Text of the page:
“Chance does things well,” says Saad Jittou, chief executive officer (CEO) and co-founder of collaborative transit app Weego.
The Moroccan entrepreneur headed to Dakar, Senegal, late last year to launch a ready-to-wear brand. A week after his arrival, he read in a magazine that four Senegalese entrepreneurs – Mor Niane, Seynou Sy Ndiaye, Saalihou Ndiaye and Dahaba Sakho – were busy working on an app for the public transit system in the city.
For Jittou, who had co-founded the first self-service bike system back home in Marrakech, Morocco, the synergies were immediate, and he joined the team. Building and testing complete, they launched Weego in March.
Weego is a collaborative transit app that aims to make travel by public transportation easier. It serves three main areas of public transport – buses, tramways and large taxis – and allows users to find all transportation options available to them, keep an eye on arrivals in real-time, and share their position once they are on public transport to assist others.
In Dakar, it now has 74 operational bus lines, with Jittou saying it has built a strong user base via word of mouth.
“We have an exceptional retention rate, and without any paid advertising we have hundreds of downloads every week,” he said.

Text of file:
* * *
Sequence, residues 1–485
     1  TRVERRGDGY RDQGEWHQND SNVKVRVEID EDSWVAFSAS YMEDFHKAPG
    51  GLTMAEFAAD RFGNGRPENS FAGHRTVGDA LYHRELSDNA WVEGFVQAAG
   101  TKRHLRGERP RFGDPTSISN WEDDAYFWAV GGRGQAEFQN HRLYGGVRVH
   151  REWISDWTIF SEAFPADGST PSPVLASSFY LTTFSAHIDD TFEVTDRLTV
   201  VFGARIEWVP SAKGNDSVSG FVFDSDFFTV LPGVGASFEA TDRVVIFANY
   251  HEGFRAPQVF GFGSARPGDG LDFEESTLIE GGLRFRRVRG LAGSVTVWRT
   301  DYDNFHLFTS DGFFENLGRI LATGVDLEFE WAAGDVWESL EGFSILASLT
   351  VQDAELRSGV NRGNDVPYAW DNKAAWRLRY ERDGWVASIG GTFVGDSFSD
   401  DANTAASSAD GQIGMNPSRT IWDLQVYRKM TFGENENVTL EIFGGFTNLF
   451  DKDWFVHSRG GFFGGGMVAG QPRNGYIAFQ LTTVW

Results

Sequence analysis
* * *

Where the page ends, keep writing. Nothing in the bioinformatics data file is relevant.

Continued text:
“We have a collaborative business model where the user can use the app for free if he contributes to tracking the means of transport and helps the community, or pays a subscription of US$2 a month through the purchase of a normal telephone refill.”
Hundreds of people already pay this monthly subscription, with Jittou saying this was due to the fact Weego had launched a concept that does not exist outside of Cape Town or Johannesburg. The lack of such apps in Africa is because they rely on real-time data collected directly from transport agencies.
“Unfortunately, in Africa, very few agencies have a bus park equipped with a geolocation system, and in the majority of cases the service is poor and having connected buses is the last concern of the companies,” said Jittou.
“Google Maps is an alternative in some African capitals, but it is based on theoretical arrival times that are never respected, and that makes it not reliable at all.”
Weego, he said, had understood the African reality, and launched the most suitable solution – one based on crowdsourcing.
“People track buses and share real-time arrivals with all connected users, and we want to provide people with a feature in our app to allow them to map bus lines and stops in any African city by themselves so that they can move better,” Jittou said.
The successful launch in Dakar has led to Jittou taking Weego home to Marrakech, its first pilot city in Morocco.
“It is a Moroccan company. We started in Dakar but the office is now in Morocco. We plan to expand our service to cover all of Morocco and then attack other African markets,” he said.
“For now, we are working with the love money we were able to collect. After the launch of our app in Marrakech we intend to raise funds.”